Understandably, you have questions

Hey there. I’m Bill Murphy Jr.

I’m the guy responsible for Understandably. Good, bad or indifferent, it’s all on me.

This is a brand new website/email/media thingy. I haven’t 100% figured out how to define it, but I think it’s about “the story behind the story.”

Here’s an example. I read a great article on The Atlantic by Rachel Monroe.

She tells the story of Matthew Cox, who was convicted of fraud and sentenced to 26 years in federal prison, where he turned his life around — well, maybe, that’s a big part of the story — and who is now trying to become a true crime writer, based largely on all the lives of all the other criminals he was locked up with.

That’s a pretty wild story, but what I’m getting at here is why she’s writing about him.

How did she even know about this prison inmate doing two and a half decades?

Did she hear about him while writing another story? Did she go to college with his cousin? Did she see a quick story about him on some blog somewhere, and dig deeper?

Nope. He cold emailed her. She was fascinated. (“I am an inmate at the Coleman Federal Correctional Complex in Florida,” she says he wrote. “I’m also a true crime writer.”)

Hmmm. I’ve been a writer for 20 years, one way or another — from my early days in college and at the New Haven Register up to my work these days as a contributing editor at Inc.com, with a lot of stops in between.

Let’s just say: I get pitched all the time.

It’s not that all pitches are horrible. Occasionally, someone pitches me a story and I love it, and I run with it — sometimes I pursue a different angle — but it does well. (This one was like that.)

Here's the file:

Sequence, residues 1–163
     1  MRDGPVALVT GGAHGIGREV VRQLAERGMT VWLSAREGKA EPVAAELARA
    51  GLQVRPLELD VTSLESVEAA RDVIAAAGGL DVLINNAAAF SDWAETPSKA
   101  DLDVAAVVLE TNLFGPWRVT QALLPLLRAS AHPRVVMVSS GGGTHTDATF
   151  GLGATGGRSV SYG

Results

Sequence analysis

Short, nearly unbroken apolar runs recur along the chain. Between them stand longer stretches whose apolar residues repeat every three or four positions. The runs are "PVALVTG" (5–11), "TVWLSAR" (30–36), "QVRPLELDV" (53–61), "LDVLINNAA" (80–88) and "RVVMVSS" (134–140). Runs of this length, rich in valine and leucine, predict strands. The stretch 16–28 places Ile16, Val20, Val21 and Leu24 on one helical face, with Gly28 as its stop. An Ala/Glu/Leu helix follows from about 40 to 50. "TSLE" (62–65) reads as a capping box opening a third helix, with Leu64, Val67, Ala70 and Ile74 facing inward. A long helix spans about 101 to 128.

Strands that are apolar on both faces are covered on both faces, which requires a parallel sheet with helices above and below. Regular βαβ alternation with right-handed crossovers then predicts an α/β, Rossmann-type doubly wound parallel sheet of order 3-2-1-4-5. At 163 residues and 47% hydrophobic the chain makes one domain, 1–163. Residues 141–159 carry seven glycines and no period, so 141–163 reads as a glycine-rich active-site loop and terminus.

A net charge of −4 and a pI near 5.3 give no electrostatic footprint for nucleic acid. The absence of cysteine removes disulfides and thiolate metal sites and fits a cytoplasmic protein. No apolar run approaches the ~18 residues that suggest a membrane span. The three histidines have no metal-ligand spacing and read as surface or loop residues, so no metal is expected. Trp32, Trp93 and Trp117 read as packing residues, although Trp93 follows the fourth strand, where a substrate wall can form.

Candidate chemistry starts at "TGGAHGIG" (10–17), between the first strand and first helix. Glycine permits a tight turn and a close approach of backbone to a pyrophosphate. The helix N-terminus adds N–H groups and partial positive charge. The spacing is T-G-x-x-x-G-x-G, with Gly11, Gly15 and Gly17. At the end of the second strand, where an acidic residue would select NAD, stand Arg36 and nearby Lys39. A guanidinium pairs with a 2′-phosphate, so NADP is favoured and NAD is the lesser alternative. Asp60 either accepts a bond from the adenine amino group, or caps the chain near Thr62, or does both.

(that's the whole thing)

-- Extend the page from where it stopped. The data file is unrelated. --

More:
But, I usually find my own ideas and dig up my own interviews. It’s very rare that I even have time to respond to pitches — never mind take the nugget and wind up writing an entire article.

But then this guy, Cox, from a prison cell(!), writes an email to a writer for The Atlantic and gets a 5,800-word profile out of it.

(By the way, he got his sentence reduced and he’s out now. Check out Monroe’s article if his story sounds interesting.)

We’ll talk about other “behind the scenes” factors in different contexts, too.

Why do a group of companies all make the same odd strategic decision at the same time? Why does a pretty ordinary social media post blow up and drive tons of engagement (and millions in sales)?

And even though most of what I write about these days is either business or media-related, I’m sure a lot of other topics will come up, too.

I’m writing this on the first day, so I’m sure it will evolve. I hope you’ll check it out and keep me honest. Sign up for it here, or click the button below.